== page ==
After a week when a pub in London (before the lockdown) displayed on a blackboard outside “Beer shortage soon – panic buy here!” – with matches being suspended across Europe, clubs are starting to feel the pinch financially with a decrease in income forcing them to adjust their pre-arranged budgets.
It seems inevitable that the economic landscape of football is going to be changed for the foreseeable future with clubs losing a lot of money that they had either already spent or budgeted to have in the future.
For Real Mallorca’s American owner, multi-millionaire banker Robert Sarver, the coronavirus has given him a double whammy headache as his NBA basketball franchise, Phoenix Suns, season was suspended last week (with 25% of the schedule left to play) after a Utah JAZZ player tested positive for the virus. The decision came after escalating anxiety about the potential for unchecked transmission of the virus amongst fans attending sporting events. The money generated by his basketball interests makes the Mallorca project pale into insignificance.
Head of La Liga, Javier Tebas, refuses to give in and still feels it’s possible to complete the fixture list in Spain sooner than later!!
Tebas has plans in place for any changes that the pandemic forces them to make. His attitude seems to be to make light of the tragedy we’re going through as he offers hope to the live-football-starved fans. In reality nobody knows when football in Spain will be resumed or even completed, especially as it now seems certain the state of emergency will be extended to include the Easter period which ends on April 12.
A German virologist admitted on Sky Germany last week that he doesn’t expect football to be able to resume until next year and said it wasn’t realistic to think that the current season can be completed – the term “in the lap of the gods” comes to mind.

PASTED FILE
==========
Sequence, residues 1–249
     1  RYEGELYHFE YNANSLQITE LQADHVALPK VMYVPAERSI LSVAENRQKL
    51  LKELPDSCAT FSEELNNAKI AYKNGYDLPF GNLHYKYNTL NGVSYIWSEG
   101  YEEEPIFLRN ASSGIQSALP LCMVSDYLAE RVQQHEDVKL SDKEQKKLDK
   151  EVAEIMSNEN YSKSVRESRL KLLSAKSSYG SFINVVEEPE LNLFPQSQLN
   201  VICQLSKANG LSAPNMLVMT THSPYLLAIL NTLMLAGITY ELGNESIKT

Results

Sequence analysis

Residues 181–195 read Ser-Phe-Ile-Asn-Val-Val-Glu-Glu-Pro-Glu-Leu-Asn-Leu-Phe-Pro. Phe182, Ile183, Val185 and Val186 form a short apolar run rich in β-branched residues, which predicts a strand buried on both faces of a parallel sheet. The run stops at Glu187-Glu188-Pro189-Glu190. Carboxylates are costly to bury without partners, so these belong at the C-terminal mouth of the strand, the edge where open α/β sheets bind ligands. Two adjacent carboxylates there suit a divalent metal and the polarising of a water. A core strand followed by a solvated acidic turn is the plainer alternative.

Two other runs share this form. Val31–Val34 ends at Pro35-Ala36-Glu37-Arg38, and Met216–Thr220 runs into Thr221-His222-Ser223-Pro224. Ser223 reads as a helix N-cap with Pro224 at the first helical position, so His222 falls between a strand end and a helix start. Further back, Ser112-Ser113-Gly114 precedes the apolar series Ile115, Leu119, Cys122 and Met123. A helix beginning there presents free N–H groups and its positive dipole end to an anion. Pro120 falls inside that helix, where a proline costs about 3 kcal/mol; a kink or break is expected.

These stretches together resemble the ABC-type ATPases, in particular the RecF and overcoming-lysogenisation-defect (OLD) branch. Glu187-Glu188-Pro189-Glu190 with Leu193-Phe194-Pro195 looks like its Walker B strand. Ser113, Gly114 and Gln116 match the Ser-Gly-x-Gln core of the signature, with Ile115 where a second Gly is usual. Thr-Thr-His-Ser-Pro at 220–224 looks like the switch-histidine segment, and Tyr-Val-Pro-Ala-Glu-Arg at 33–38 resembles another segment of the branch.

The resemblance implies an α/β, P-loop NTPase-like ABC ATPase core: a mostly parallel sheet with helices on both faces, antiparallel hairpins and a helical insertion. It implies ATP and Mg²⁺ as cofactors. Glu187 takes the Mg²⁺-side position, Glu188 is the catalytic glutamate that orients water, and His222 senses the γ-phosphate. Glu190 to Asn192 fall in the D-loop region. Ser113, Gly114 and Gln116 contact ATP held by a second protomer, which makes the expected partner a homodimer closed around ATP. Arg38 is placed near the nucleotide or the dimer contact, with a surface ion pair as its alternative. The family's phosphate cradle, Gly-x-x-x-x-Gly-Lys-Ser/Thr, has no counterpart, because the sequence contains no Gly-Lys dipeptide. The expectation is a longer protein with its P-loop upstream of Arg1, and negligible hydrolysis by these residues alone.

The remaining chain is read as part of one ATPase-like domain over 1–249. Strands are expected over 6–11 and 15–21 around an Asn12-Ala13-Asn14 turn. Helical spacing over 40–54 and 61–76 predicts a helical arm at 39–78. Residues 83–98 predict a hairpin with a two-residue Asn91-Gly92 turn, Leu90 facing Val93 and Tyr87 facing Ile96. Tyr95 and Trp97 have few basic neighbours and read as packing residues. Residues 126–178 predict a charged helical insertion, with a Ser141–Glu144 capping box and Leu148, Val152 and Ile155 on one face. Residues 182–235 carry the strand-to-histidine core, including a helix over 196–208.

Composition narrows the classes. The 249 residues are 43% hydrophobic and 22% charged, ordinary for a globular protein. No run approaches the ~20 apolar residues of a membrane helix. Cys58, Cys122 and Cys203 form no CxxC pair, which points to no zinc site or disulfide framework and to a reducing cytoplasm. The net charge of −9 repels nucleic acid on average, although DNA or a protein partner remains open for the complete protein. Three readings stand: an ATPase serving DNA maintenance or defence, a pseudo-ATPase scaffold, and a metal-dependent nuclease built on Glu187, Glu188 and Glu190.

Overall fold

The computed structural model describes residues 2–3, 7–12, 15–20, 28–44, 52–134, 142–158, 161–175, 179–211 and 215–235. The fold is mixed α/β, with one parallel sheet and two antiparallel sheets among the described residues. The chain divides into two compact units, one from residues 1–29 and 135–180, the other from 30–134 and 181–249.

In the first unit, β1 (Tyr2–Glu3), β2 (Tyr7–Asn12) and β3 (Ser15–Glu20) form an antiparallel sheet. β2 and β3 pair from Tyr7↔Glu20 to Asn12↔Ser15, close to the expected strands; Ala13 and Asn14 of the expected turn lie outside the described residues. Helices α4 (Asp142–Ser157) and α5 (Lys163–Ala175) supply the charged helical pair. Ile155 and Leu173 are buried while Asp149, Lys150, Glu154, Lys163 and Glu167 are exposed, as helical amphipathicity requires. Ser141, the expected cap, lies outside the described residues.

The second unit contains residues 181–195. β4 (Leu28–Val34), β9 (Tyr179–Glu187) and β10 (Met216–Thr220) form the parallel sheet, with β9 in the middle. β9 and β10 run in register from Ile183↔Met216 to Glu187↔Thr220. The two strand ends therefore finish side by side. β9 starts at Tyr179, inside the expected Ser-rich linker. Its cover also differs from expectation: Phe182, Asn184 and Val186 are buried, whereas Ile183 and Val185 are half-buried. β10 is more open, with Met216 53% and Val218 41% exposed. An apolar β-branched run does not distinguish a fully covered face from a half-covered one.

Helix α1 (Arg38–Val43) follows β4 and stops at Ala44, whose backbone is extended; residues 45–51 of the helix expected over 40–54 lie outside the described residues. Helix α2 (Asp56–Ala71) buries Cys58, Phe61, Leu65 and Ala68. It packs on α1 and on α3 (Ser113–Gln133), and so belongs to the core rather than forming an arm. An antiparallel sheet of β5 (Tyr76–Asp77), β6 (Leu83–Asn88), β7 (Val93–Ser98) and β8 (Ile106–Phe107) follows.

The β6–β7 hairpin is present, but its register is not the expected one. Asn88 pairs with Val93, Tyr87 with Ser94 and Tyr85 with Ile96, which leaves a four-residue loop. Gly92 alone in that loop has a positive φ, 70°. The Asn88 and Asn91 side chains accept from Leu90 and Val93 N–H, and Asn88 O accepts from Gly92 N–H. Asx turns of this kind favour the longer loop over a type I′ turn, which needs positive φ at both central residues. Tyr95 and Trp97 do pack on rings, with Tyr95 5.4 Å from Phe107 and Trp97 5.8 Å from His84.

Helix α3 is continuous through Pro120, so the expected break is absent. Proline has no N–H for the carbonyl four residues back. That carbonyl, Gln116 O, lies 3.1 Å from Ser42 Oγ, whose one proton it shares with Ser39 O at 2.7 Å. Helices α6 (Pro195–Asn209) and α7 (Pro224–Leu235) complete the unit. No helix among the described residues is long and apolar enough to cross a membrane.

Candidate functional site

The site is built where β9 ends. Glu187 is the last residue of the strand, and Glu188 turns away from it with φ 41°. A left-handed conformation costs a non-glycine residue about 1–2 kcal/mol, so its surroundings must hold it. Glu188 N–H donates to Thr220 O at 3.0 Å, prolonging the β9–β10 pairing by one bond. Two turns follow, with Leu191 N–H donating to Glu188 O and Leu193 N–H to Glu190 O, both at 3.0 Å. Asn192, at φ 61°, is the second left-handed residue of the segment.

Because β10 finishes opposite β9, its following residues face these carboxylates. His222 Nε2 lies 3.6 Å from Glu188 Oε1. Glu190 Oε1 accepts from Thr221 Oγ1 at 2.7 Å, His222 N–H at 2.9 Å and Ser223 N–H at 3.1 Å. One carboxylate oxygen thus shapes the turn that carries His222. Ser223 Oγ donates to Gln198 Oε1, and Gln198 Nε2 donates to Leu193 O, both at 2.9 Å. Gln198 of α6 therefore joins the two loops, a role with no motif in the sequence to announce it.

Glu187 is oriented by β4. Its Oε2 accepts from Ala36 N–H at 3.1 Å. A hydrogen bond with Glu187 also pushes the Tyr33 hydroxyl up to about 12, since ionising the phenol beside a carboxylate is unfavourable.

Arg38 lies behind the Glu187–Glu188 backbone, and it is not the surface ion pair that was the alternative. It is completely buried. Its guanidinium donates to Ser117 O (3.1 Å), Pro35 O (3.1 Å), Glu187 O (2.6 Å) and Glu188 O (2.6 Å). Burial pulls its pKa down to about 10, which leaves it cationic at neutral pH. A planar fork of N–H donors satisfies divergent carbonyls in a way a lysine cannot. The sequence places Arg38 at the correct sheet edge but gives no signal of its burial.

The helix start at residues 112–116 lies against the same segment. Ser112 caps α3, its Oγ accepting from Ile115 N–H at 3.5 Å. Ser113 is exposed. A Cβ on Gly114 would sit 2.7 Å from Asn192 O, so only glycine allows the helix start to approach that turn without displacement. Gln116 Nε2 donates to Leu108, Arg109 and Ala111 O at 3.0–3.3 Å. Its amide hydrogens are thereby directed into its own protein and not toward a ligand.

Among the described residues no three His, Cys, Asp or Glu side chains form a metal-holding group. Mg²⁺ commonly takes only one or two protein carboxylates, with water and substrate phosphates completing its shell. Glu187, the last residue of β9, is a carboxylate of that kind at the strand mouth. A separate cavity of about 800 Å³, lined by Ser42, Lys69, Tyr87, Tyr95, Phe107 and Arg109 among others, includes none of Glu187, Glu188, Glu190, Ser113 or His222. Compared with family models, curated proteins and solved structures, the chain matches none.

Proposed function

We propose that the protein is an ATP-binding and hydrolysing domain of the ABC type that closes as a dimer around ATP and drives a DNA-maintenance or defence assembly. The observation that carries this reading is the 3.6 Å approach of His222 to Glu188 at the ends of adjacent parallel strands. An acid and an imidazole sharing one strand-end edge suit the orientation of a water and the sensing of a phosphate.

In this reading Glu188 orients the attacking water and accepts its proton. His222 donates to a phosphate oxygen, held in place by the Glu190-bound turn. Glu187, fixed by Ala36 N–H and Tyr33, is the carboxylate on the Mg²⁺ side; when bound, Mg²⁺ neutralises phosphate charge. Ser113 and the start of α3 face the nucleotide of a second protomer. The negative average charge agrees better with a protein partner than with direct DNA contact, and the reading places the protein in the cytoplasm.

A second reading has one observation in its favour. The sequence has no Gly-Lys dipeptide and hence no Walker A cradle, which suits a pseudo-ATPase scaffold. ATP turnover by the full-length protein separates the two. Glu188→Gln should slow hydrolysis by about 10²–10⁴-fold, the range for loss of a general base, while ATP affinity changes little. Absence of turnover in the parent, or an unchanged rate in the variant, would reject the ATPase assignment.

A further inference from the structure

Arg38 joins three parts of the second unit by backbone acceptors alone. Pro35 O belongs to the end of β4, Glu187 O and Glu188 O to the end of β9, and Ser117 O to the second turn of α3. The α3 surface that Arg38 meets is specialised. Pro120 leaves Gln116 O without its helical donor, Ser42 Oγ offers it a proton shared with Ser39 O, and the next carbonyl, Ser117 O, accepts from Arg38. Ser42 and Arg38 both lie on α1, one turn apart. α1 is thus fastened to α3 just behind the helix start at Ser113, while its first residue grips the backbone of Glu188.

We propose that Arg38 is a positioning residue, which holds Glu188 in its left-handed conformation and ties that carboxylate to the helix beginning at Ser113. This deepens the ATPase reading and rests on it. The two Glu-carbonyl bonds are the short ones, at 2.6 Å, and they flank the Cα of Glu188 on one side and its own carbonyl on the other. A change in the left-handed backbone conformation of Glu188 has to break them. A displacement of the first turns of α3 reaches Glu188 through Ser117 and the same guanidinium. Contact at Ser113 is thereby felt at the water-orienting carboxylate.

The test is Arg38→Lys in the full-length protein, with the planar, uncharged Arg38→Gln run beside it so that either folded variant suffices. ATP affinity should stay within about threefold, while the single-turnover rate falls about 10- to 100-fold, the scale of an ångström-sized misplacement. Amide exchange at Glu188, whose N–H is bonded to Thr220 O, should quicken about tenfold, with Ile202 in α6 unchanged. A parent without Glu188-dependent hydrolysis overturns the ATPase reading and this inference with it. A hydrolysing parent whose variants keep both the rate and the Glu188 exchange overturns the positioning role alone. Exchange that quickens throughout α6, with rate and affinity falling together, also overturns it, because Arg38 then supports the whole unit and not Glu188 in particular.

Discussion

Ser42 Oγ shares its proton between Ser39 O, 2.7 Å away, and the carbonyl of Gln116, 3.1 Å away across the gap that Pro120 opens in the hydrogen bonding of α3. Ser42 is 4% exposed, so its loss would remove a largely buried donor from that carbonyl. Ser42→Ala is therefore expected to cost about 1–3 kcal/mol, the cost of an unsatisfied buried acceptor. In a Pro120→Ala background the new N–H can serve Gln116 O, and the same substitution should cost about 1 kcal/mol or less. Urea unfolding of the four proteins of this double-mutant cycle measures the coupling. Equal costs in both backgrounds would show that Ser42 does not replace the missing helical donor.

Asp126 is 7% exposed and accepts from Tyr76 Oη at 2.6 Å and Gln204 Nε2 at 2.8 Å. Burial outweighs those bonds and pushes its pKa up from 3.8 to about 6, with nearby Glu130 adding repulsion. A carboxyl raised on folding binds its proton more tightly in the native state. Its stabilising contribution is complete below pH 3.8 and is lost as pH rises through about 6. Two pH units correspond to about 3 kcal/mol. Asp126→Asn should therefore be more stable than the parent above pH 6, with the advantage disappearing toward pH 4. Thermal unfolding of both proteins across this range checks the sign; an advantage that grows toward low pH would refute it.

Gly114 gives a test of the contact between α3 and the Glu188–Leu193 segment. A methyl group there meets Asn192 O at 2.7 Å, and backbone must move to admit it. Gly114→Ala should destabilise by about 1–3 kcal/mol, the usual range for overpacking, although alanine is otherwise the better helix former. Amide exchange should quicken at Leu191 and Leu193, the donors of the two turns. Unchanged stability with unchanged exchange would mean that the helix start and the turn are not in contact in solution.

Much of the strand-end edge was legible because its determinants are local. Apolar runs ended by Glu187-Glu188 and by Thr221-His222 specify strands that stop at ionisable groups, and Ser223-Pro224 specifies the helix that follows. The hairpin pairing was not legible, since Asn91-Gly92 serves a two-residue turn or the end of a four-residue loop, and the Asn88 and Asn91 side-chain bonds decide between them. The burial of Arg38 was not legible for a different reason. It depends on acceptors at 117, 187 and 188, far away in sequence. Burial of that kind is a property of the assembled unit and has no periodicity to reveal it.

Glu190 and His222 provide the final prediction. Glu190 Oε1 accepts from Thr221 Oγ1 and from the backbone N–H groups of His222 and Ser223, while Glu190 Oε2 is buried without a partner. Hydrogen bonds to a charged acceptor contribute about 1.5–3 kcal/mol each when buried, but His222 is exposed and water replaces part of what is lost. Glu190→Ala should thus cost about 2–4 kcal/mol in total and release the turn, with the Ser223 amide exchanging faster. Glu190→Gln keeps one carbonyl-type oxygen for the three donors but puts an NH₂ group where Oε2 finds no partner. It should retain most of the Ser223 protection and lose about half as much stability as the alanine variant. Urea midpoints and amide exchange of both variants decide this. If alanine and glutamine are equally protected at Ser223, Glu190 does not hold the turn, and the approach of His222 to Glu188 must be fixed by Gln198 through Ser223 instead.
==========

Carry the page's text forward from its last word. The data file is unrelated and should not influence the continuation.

A top Spanish economist, Jose Maria Gay de Liebana, stated on Friday that players in top flight Spanish football should forgo some of their salaries as a gesture to help stricken clubs to avoid serious problems.
De Liebana said the current situation for Spanish clubs during the coronavirus pandemic has reached a very critical moment. He went on “If the suspension of competitions continues for several more weeks, the federations should declare all of the domestic tournaments null and void, and start again from zero next season to avoid any injustice.”
Some football clubs could disappear because of the present crisis. “We are in uncharted waters with risks we haven’t seen the like of before. Many clubs live beyond their means and the football industry is a bubble waiting to pop.”
He feels that the current crisis will leave many clubs in the lower echelons fighting for survival and that some of them who rely solely on gate money to get by could disappear altogether. Many of them, especially in England, survive as a rich guy’s hobby, and those guys are now likely to have other priorities. De Liebana finished by making a plea to players and their agents to relinquish a percentage of their salary to help the poorer teams. “We all need to help each other at this moment as we’re faced with a bleak scenario. All clubs are losing vital revenue – income from TV broadcasting rights, marketing and gate receipts.”
If there are no competitions, the sponsors (in Real Mallorca’s case the main one being BetFred) could argue that their product has stopped being shown in the grounds and on TV and could ask for some recompense. The present situation is serious but not critical as many La Liga clubs will when, and if, the season returns, have to make sacrifices.
PS The NHS has urgently requested that all top flight football physios help out. Their ability to cure what seem to be critical injuries in less than 30 seconds will soon help put an end to this ghastly epidemic.
AND FINALLY, John bought a donkey from a farmer for £100 and the farmer agreed to deliver the donkey. The next day the farmer told John “Sorry, son, but I have some bad news – the donkey’s dead.” John said “Well, if that’s the case, give me my money back.”
The farmed replied that he couldn’t because he’d spent it.
John answered “Okay, then just bring me the donkey.” The farmer, curious, asked “What are you going to do with him?” John said “I’m going to raffle him off.” The farmer was outraged. “You can’t raffle a dead donkey.” John disagreed, “Sure I can, just watch me. I just won’t tell anybody that the donkey’s dead.”
A month went by and the farmer met up with John, asking “What happened with that dead donkey?” John tells him “I raffled him off. I sold 500 tickets at £2 a piece and made a profit of £898.”
The farmer was intrigued, “Didn’t anybody complain?” John replied, “Just the guy who won, so I gave him his two quid back!!”